Here’s an early look at how the 2011 SEC power rankings may look to open the season:
1. Alabama: With added experience in the secondary, look for the Crimson Tide to be more consistent next season and not have some of the breakdowns on defense that plagued them in 2010. A.J. McCarron steps in for Greg McElroy at quarterback, and Trent Richardson will get his shot as the centerpiece of the running game.
2. LSU: Former Georgia quarterback Zach Mettenberger will push Jordan Jefferson for the starting job this spring, which will be good for Jefferson. The young returning talent on defense is especially impressive with the likes of Tyrann Mathieu, Sam Montgomery, Eric Reid and Morris Claiborne all showing star potential.
3. South Carolina: The Gamecocks lose very little from their 2010 Eastern Division championship team. It looks like Steve Spurrier is going to open up the quarterback competition between Stephen Garcia and Connor Shaw. The one-two punch of running back Marcus Lattimore and receiver Alshon Jeffery should be as good as any in the league, and the defense returns all of its key performers.
4. Arkansas: Ryan Mallett has decided to turn pro after back-to-back 30-touchdown seasons, but Tyler Wilson showed in the Auburn game this season that he can also be a star. He’ll have a talented cast of receivers to throw to, and coach Bobby Petrino thinks the Hogs will be better on defense next season than they were this season.
5. Mississippi State: If you’re looking for a program with a lot of momentum, look no further than Mississippi State. The Bulldogs will bring back the nucleus of the team that hammered Michigan in the bowl game. Quarterback Chris Relf has improved tremendously, and coach Dan Mullen has this bunch believing. Chris Wilson takes over the defense with Manny Diaz making the move to Texas.
6. Florida: First-year coach Will Muschamp steps in for Urban Meyer at Florida and tries to restore that edge that was missing last season. The Gators plan to shift to a pro-style offense, and there’s still no definitive word on whether John Brantley will return. There shouldn’t be any shortage of talent. Meyer brought in top-5 classes nationally every year he was there.
7. Auburn: For a team that just won a national championship, this is a pretty dramatic fall. But with the likelihood that quarterback Cam Newton and defensive tackle Nick Fairley will both turn pro, the Tigers face some major personnel losses. They will also have to replace their entire offensive line and several key starters on defense. The good news is that Gene Chizik has recruited very well and continues to do so.
8. Georgia: Clearly, Georgia coach Mark Richt is down to his last chance to fix the Georgia program. Having a quarterback like Aaron Murray to build around is always nice, but the Bulldogs need to be better at running the ball next season. It will be the second year in the 3-4 defense under Todd Grantham, so there should be more consistency on that side of the ball in 2011.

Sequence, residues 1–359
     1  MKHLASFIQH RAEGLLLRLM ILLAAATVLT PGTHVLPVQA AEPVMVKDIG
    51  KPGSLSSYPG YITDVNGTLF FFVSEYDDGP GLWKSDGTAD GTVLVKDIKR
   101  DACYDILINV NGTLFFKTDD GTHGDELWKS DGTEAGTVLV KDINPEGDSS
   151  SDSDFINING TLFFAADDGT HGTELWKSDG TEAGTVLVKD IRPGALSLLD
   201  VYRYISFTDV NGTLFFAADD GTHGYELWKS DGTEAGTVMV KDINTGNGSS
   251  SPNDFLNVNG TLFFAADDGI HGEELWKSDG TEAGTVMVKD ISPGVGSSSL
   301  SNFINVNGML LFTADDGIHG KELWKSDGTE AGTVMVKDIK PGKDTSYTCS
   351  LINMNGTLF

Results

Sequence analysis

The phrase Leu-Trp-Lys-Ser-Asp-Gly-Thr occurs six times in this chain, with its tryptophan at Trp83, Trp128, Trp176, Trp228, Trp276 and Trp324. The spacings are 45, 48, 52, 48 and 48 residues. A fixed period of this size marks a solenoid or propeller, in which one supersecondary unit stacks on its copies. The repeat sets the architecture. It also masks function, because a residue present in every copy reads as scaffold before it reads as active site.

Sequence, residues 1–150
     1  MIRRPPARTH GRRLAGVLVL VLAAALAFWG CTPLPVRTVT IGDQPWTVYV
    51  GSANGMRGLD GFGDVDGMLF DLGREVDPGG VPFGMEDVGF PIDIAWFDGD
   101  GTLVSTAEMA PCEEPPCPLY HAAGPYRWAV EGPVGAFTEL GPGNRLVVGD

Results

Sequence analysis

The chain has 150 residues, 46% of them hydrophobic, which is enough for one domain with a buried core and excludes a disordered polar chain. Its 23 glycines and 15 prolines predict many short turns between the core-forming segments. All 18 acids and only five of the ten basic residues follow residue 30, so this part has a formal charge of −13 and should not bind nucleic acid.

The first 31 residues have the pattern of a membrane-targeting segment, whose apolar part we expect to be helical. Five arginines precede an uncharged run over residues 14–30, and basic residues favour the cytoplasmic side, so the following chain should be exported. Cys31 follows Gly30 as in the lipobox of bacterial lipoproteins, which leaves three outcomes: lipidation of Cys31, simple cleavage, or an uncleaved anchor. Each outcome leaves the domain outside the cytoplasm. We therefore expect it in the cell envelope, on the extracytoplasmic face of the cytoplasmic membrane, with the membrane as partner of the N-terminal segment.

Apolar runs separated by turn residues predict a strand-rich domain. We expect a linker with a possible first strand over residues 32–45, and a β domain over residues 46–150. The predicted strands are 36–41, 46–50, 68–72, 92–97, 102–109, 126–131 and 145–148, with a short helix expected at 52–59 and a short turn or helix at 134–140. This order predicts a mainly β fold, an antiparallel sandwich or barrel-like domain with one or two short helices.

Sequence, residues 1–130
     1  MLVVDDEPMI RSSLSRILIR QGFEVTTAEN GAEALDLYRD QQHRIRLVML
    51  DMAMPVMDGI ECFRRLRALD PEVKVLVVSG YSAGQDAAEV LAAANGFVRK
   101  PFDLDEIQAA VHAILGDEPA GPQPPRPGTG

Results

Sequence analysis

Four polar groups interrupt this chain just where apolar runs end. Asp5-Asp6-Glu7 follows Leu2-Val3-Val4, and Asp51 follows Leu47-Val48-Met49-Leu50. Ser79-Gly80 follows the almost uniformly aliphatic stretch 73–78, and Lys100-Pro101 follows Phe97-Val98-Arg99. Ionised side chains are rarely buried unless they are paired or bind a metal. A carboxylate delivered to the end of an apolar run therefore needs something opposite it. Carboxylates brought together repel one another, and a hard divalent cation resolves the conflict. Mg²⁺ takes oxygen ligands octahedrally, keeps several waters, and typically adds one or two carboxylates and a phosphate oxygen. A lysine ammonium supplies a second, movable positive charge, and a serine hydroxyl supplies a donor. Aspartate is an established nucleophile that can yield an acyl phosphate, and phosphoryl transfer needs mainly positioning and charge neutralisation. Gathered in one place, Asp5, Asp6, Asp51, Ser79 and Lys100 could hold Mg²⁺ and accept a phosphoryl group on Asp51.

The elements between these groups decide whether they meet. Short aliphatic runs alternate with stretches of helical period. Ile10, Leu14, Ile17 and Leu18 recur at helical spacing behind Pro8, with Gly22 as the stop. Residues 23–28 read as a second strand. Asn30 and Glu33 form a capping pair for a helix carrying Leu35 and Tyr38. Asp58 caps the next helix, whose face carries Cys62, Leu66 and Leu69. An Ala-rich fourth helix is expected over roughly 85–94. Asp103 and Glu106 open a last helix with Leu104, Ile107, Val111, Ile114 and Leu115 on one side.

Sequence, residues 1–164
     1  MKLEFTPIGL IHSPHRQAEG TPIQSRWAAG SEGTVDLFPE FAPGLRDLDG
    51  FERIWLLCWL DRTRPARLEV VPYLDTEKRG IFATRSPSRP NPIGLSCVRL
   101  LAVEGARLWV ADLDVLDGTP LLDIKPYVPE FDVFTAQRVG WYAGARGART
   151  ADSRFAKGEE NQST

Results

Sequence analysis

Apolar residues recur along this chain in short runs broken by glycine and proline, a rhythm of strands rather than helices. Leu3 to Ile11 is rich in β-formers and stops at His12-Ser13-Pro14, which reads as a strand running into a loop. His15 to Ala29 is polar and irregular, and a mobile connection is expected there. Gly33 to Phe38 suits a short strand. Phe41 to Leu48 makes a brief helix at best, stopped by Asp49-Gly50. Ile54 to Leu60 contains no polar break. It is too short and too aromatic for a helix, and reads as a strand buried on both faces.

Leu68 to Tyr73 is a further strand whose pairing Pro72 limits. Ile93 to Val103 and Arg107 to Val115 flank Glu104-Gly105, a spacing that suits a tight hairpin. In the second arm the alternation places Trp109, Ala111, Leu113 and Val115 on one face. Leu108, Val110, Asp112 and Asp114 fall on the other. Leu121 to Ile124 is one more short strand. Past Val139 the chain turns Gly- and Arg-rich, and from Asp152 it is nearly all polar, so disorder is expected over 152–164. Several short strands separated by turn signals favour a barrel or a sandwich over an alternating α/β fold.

9. Tennessee: One of the things that should help Tennessee is that the schedule gets easier in 2011. That offensive line, which was starting three true freshmen to end last season, will be more mature, a year wiser and a year stronger. The Vols have an impressive base of young offensive talent. The key now is finding more defensive linemen and replenishing the secondary.
10. Ole Miss: The Rebels have to get back to where they were defensively the first two years under defensive coordinator Tyrone Nix when they were attacking people and causing turnovers. Some crippling injuries killed them last season, and they just didn’t play very well in the secondary. Houston Nutt’s old pal David Lee takes over the offense.
11. Kentucky: Joker Phillips’ second season as the Wildcats’ head coach figures to be one of his most challenging, especially if Randall Cobb decides to turn pro. Morgan Newton and Ryan Mossakowski will battle for the starting quarterback job, and the Wildcats will look to replace most of their key playmakers on that side of the ball.
12. Vanderbilt: After heading up the Maryland offense for the past three seasons, James Franklin moves in as the Vanderbilt head coach. One of his first orders of business is settling on a quarterback, not to mention some guys at receiver who can add some pop to the Commodores’ passing game. Vanderbilt also fell off defensively this past season.